optimal play: 10...Be6 compare 10...d5 Geller vs Razuvaev, 1995
<pointguard: 13...Rc8. In my opinion, slightly better is 13...exf4. I think it was necessary for black at this time to break up the pawn duo, then seek counterplay on the c-file.> Or maybe even 13...Ng4 14.Bxg4 Bxg4 15.Re1 exf4 16.Rxf4 h5
Also 14...Bxb3 is better than 14...Bc4
<pointguard: Move 16. I wonder if Polgar had considered...Na2, the sacrifice of the knight to gain better central position.> If 16...Na2? 17.Nxa2 then what? 17...Qc7 18.Nb4 Rxe4 19.Bg5
17...b5? 18.Nd2! wins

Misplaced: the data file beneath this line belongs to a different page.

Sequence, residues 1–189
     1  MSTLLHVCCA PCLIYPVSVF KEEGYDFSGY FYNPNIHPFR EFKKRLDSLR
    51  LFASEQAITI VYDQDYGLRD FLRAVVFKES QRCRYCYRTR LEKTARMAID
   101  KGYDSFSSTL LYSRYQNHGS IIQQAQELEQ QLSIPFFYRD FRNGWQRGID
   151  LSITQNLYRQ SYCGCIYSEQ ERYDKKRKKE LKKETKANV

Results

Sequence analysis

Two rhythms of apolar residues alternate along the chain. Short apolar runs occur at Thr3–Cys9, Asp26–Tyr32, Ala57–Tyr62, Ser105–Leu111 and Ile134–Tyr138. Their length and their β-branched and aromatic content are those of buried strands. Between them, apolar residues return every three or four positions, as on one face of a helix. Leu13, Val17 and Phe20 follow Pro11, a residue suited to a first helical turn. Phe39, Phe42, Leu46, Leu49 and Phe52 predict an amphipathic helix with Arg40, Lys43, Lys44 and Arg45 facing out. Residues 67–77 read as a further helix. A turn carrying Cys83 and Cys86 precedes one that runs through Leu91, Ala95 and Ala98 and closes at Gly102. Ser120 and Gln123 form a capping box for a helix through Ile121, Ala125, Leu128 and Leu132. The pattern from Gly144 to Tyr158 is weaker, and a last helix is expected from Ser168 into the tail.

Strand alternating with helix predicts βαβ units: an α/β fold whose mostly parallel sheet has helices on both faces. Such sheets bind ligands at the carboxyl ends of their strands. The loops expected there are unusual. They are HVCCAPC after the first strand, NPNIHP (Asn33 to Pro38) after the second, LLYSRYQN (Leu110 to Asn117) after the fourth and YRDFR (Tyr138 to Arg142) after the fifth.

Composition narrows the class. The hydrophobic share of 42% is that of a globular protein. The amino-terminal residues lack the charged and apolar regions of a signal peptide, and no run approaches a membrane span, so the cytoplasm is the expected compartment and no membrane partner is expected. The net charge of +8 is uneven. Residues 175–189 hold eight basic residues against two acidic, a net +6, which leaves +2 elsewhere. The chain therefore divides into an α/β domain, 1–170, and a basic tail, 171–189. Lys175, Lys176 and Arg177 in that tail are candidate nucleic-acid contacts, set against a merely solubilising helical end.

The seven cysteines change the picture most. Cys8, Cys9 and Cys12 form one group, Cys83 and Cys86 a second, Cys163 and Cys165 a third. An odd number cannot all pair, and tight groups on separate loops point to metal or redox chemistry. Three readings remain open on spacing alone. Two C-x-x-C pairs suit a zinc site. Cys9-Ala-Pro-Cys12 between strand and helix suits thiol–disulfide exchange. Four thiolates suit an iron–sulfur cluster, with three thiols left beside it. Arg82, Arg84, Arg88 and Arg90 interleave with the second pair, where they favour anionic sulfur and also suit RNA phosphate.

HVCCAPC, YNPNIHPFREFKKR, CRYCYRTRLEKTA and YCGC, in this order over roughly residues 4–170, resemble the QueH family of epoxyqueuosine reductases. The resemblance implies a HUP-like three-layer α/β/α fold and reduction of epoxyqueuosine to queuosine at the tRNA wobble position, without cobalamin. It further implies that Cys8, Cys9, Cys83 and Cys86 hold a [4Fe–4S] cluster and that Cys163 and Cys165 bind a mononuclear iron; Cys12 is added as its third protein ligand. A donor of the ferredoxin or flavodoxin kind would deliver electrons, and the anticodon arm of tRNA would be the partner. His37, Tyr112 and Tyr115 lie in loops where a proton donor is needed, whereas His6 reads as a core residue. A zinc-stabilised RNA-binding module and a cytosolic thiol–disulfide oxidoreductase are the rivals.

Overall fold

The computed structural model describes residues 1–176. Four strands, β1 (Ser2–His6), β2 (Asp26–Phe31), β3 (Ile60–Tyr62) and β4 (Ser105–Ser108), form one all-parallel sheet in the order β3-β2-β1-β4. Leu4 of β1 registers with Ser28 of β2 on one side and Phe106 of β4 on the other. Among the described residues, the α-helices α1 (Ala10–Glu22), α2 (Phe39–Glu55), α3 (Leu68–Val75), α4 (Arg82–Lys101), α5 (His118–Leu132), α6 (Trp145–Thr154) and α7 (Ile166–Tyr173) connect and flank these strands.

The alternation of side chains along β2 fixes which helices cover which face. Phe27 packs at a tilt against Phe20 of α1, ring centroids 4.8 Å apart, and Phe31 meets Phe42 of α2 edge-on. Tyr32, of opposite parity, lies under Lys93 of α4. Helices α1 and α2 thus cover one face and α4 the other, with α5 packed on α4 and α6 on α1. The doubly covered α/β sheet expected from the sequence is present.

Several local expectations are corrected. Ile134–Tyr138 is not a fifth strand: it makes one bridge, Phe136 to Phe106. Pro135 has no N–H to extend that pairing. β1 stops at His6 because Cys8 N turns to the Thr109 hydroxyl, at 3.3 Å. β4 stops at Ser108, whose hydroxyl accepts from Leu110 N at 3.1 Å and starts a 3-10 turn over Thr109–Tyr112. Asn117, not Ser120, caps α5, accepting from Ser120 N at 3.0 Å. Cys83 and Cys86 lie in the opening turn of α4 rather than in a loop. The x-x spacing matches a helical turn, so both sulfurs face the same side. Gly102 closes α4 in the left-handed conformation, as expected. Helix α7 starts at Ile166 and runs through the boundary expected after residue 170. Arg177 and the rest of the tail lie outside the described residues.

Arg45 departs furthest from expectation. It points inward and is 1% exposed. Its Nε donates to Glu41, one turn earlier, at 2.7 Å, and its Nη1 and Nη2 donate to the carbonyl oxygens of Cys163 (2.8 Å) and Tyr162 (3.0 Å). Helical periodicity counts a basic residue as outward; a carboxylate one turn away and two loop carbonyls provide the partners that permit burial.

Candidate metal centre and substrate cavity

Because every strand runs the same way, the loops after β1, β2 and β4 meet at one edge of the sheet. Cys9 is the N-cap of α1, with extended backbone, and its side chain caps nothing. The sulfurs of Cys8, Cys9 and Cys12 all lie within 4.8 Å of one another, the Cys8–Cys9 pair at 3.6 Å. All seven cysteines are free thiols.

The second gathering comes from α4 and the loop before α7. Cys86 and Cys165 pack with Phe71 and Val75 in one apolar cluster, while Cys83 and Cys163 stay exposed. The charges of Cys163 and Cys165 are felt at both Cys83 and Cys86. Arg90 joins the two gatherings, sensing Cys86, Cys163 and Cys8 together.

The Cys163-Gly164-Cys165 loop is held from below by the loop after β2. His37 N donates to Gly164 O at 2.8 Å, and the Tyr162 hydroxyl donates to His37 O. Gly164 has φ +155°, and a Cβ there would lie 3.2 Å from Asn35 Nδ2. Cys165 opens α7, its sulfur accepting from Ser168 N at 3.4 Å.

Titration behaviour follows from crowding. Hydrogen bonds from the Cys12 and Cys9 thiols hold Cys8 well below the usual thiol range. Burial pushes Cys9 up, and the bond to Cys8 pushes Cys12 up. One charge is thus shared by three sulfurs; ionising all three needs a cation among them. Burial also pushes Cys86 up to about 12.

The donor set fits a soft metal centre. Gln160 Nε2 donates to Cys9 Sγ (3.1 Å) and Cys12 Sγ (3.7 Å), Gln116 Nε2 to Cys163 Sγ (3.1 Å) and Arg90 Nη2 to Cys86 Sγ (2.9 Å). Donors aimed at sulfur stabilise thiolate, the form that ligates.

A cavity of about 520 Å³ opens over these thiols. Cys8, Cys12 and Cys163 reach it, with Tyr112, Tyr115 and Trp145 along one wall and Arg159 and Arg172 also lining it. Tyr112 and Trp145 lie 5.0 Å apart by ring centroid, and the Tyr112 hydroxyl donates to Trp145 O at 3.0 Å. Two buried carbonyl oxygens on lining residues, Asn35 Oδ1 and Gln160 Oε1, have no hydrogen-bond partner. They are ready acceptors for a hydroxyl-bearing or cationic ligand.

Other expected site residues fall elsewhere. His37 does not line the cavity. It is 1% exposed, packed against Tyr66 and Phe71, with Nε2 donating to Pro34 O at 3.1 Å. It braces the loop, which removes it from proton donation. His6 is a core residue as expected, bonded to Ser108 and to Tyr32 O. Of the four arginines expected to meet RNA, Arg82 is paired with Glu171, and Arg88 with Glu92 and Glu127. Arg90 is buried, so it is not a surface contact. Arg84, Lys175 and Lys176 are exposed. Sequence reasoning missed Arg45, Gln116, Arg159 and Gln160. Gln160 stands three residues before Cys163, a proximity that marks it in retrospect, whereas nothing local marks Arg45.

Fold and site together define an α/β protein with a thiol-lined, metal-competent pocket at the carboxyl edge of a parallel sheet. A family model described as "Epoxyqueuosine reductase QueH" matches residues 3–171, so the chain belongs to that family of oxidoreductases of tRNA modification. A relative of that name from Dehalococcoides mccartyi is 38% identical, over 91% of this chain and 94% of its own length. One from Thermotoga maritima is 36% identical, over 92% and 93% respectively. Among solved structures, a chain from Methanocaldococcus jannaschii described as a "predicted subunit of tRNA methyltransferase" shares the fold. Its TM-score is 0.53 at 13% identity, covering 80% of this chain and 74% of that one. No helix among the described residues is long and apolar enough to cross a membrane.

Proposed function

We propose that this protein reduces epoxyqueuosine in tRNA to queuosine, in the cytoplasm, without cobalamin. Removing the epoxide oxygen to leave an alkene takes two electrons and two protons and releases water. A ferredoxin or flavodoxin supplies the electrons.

Maybe 17...Ng4 could have kept her in the game since if 18.Qxc4? then 18...Nxe3
<But, after the loss of the knight-rook exchange, the rest of this game needs no explanation.> Except to say that Judit played quite well for a 10 year old girl against a grown man rated 2370 and Hay certainly played well in a game which he may have felt added pressure.
This game played on 10th January 1987 is from the 11th and final round of the Adsteam-Lidums International Chess Tournament held in Adelaide, South Australia.
Hay finished equal 4th on 8½ points out of 11 [+08/=01/-02]
Unfortunately only five of Judit's games are extant from this tournament, of which she recorded two wins.
Her older sisters also did well, with Zsuzsa finishing on 8/11 [+07/=02/-02] and Zsofia also winning at least three games.
And just for the record, their Hungarian compatriot, Gyula Sax was the clear winner on 10/11 [+10/=00/-01]